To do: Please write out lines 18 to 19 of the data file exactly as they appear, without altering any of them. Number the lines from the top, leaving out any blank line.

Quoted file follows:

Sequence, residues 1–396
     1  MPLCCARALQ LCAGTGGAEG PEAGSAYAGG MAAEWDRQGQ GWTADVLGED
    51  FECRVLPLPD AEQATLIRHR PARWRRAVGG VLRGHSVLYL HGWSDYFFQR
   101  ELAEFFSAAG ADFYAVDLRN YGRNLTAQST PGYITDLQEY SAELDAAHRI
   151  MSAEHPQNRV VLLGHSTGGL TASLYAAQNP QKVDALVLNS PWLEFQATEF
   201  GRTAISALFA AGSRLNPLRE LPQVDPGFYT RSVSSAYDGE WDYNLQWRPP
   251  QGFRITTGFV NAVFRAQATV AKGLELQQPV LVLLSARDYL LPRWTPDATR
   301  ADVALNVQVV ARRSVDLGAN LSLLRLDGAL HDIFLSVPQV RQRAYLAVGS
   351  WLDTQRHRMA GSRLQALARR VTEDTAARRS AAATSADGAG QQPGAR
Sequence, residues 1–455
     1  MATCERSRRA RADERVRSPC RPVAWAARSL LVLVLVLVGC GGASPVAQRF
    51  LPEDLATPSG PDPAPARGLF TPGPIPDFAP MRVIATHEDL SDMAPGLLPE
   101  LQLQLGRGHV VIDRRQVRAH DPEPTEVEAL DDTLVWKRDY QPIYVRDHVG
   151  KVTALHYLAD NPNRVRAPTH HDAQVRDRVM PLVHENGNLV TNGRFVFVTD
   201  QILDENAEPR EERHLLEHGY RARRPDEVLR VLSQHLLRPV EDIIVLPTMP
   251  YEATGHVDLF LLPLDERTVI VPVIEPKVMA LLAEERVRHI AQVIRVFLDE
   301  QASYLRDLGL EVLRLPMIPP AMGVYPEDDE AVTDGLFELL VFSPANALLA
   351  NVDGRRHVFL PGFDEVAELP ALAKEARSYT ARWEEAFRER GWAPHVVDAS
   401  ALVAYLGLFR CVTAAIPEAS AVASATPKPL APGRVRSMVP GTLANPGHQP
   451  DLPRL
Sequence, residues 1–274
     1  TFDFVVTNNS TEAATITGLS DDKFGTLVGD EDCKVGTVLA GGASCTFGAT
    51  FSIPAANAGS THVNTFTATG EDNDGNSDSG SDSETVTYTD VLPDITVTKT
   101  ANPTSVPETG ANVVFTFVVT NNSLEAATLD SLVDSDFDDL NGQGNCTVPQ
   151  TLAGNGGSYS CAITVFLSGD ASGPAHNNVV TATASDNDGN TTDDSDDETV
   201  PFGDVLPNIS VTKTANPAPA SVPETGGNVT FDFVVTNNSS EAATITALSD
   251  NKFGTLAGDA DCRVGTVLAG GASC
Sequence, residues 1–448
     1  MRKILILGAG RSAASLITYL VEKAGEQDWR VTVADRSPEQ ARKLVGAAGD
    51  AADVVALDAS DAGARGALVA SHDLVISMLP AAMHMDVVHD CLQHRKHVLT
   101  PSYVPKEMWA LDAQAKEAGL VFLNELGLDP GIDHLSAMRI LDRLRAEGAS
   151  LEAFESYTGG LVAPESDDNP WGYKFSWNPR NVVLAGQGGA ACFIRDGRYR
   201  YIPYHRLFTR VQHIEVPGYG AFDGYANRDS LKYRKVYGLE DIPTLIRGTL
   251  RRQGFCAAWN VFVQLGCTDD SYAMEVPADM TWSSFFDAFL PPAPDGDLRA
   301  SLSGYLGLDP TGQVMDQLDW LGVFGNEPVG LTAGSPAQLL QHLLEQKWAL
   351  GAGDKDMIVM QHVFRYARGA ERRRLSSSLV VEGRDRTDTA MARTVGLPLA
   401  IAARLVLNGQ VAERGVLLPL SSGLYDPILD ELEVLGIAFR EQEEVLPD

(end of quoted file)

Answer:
   351  NVDGRRHVFL PGFDEVAELP ALAKEARSYT ARWEEAFRER GWAPHVVDAS
   401  ALVAYLGLFR CVTAAIPEAS AVASATPKPL APGRVRSMVP GTLANPGHQP